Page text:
I thought Isabel’s school column in the start of each chapter was really neat too. I didn’t quite understand the Claire stuff, but I still thought it was interesting.

There are only a couple things I didn’t super love, but nothing major. One is that Isabel’s dad never really had any character growth. He is very dismissive of Isabel’s RA, which is so annoying (and something I can relate to as my dad is very dismissive of my illnesses.) I know that not everyone grows and that it would take a lot more than one conversation with Isabel, but I would have liked to see something more there. I also didn’t love how opposed Isabel was to using a cane. I totally get not wanting to use it/being scared to use it, but I would have liked to see her use one in the end. I’ve been in the same situation of fear of what others will think of someone young using a mobility device, but eventually I got over that because of the need for it. 

Other than those two things, this was so so so beautiful. It quite literally brought tears to my eyes knowing there’s people out there in the world who have had the same experiences I have. Thank you, Hannah Moskowitz, for giving me that. 

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My Rating:


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Super special thanks to Hannah Moskowitz and EntangledTeen for sending me an ARC in exchange for an honest review! I loved the cute PR box y’all sent out. It’s the first one of its type I’ve gotten and it made my day!


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9 thoughts on “ARC Review: Sick Kids in Love by Hannah Moskowitz

  1. I totally forgot you were posting your review today. I’m glad I saw it. This is such a great review Sam. I agree with a lot of the things you said. I’m glad that this book was written. I hope you like my review as well!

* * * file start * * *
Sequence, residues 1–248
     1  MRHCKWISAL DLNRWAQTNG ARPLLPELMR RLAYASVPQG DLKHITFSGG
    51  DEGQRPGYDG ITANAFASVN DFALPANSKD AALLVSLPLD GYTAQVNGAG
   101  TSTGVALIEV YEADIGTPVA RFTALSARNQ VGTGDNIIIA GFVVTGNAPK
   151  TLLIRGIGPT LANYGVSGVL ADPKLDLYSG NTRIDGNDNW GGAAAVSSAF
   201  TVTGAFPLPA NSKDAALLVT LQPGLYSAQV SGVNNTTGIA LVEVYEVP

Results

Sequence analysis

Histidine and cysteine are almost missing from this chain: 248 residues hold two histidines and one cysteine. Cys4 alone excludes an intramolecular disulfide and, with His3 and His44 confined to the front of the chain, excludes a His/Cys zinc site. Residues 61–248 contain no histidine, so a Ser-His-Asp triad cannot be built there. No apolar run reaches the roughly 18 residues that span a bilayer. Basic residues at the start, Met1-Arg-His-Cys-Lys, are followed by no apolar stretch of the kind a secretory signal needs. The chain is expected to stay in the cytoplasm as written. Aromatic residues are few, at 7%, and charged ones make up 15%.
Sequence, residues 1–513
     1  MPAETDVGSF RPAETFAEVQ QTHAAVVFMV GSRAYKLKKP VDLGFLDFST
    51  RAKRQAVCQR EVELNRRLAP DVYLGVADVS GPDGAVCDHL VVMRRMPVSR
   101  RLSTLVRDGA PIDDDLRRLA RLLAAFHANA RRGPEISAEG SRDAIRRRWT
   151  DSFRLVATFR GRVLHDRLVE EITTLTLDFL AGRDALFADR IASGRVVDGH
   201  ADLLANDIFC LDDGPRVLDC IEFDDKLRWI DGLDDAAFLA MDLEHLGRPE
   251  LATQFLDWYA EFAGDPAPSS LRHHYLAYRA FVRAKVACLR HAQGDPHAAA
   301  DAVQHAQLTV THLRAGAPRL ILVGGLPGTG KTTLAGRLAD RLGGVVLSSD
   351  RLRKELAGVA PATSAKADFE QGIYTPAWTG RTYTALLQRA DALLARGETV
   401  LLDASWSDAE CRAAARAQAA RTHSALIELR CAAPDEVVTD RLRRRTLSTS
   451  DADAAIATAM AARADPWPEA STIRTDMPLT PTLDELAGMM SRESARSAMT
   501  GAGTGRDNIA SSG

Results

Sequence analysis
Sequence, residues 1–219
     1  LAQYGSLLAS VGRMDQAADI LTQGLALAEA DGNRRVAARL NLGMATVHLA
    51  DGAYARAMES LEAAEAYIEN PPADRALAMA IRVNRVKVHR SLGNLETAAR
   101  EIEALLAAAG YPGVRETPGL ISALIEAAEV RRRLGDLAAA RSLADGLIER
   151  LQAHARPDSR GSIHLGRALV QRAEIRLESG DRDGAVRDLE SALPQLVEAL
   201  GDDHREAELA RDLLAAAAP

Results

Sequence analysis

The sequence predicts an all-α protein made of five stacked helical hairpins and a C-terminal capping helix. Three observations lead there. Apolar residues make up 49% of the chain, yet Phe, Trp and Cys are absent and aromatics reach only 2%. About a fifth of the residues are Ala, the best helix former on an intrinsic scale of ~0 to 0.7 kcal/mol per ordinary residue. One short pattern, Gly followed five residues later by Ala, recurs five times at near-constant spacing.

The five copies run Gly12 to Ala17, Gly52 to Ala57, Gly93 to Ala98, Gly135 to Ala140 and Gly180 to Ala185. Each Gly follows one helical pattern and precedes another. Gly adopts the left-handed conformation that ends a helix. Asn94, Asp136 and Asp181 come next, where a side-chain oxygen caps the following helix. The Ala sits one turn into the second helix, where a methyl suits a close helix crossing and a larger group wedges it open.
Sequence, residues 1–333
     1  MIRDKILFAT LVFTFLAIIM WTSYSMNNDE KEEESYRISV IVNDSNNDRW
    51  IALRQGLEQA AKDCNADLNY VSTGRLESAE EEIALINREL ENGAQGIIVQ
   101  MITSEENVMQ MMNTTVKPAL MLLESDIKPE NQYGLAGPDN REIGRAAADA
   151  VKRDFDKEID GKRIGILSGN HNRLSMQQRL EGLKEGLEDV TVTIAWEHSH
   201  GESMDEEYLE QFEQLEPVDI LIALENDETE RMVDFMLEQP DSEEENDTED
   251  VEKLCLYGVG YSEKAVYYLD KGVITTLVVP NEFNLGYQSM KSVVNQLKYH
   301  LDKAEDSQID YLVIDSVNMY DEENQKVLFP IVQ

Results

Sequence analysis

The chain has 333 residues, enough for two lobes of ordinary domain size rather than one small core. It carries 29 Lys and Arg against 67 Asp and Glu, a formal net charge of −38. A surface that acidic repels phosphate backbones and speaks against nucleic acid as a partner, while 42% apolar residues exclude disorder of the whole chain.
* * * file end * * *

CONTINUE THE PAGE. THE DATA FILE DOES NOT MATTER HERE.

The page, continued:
Liked by 1 person

  2. Awww Sam, your review choked me up. I loved this so much and I can’t wait to read the book now. I’m so happy you got to see yourself represented so well! I don’t know if I fit under the CI umbrella (I have inflammation problems that they think *might* be related to an autoimmune disorder, but we aren’t sure what yet!), but I have had chronic pain for a long, long time (since I was a pre-teen), and while I know it isn’t possibly on the same level as having to go through so many surgeries and treatments, you’re definitely not alone in sometimes feeling inexplicably angry at healthy people just for… *being healthy*? I felt that so much, and you adding that quote in has me wanting to read this right this moment. Thank you for being so open and honest in your review, lovely ❤

    Liked by 1 person

  3. Oh, what a beautiful, beautiful review! Thank you so much for sharing so honestly and openly about what this book meant to you. I’ve heard similar sentiments from other readers with disabilities, that this book really made them feel SEEN, and it’s yet another(!) example of why #ownvoices is so important. Keep fighting and loving ❤️❤️❤️

    Liked by 1 person